Recent activity with House Corporation has introduced completely new set of brothers.

7. Where do you work now and what do you do specifically?
Sort of ‘re-entering’ after 5 years of ‘retirement’ via consulting, and with effort to establish a web-offering centered on direction management that is  based on those few years of business experience

8. What are some highlights from your professional career? What do you enjoy most?
Believe this pretty much covered in my Founders’ Day remarks per #8 above, with great satisfaction in helping organizations get better in their Operations

9. What are some of your hobbies, and what do you do in your free time?
Enjoy family activity, exercise (in-doors and out), investing

10. Spouse’s name and names of your children:
Julie, Alan, Brian

Below is Arthur’s acceptance speech for the philanthropy award. You may congratulate him at

“Thank you Michigan Alpha nominating committee and all voting members (whomever you may be)—not exactly sure how this all came about, but am personally honored and thankful—also must confess, quite STARTLED!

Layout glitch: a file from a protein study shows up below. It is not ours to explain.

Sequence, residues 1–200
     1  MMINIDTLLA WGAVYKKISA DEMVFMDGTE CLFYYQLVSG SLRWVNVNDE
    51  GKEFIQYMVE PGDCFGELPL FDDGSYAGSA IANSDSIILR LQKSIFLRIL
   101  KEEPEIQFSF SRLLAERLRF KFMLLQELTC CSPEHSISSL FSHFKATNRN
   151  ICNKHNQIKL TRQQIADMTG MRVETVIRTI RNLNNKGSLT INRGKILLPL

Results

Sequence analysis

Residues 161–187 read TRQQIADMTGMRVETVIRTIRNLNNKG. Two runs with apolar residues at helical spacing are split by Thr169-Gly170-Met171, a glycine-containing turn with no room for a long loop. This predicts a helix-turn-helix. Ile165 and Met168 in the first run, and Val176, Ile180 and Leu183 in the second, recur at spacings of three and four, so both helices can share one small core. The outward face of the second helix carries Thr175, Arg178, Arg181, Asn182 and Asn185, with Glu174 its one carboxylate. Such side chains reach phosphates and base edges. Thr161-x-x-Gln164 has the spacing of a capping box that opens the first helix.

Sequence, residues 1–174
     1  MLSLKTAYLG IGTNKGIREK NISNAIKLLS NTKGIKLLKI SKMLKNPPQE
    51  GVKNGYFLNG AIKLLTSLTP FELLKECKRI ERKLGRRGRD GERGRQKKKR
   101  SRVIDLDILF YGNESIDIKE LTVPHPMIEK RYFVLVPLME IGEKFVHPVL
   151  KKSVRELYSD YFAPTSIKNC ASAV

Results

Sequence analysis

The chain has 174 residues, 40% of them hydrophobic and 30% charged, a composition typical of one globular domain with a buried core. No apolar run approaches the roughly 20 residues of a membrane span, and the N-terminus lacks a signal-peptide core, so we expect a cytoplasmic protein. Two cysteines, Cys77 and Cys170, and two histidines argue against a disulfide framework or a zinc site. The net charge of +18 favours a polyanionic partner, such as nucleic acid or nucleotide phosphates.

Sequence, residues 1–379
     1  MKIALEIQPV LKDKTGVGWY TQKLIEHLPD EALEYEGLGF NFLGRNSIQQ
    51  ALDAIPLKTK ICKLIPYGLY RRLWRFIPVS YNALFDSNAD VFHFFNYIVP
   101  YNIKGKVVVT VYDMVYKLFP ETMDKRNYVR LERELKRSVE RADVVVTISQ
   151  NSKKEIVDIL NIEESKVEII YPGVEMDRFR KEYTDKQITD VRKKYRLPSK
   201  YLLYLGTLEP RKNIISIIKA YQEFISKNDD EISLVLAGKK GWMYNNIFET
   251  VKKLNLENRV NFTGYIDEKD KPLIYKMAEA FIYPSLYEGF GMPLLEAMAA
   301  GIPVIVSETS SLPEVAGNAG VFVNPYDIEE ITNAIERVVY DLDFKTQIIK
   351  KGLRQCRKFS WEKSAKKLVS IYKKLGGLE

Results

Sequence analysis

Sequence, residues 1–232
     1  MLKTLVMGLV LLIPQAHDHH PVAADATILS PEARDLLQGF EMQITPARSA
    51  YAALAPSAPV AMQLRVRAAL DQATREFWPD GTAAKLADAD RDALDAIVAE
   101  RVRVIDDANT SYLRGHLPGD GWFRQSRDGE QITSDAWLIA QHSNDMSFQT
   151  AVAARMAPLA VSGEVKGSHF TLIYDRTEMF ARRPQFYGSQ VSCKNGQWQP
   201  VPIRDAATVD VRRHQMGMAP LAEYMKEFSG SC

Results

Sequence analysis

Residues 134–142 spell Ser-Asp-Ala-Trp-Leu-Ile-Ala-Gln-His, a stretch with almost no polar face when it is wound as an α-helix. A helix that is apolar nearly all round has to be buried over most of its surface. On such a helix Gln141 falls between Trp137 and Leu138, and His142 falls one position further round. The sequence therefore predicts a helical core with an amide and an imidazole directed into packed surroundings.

Here’s the thing—when I think of philanthropy, the first image that comes to mind is BIG bucks (not the kind that come from OHIO—even if I was born and raised there [no fooling])—and a quick check shows that my contributions to our Fraternity are at the low end of the scale for sure. So I accept this recognition with pleasure, and with a nod to those who have contributed real dollars in that very significant manner.

But speaking of OHIO—as a matter of background—before UoM, before high school, back around 8th grade, I had an encounter with a bus while on a bicycle. Ended up unconscious in the hospital for couple of weeks, finally got out after a month, so what you see is what you get here—blaming any weird reactions to Jack’s e-mail, miss-steps up here, or screwy delivery tonight on THAT previous experience.  Was probably my first REAL instruction on what “Direction” meant and it’s stuck with me . . .

So after receiving Jack’s informing e-mail, thought it best to check HIS direction and the common definition of “philanthropy”, coming up with these Wikipedia phrases:

Along with the doing good and helping others themes, there is a strong component of ‘education’ as Cultures have developed; and then there’s “the private giving of time or valuables (money, security, property) for public purposes”

The element of ‘education’ with those four key words of ‘private giving of time’ had me be more comfortable with Jack’s message of award; where my ‘gifting of time’ could often have been viewed as “pushing” rather than ‘giving’—as members of our House Corporation will likely confirm.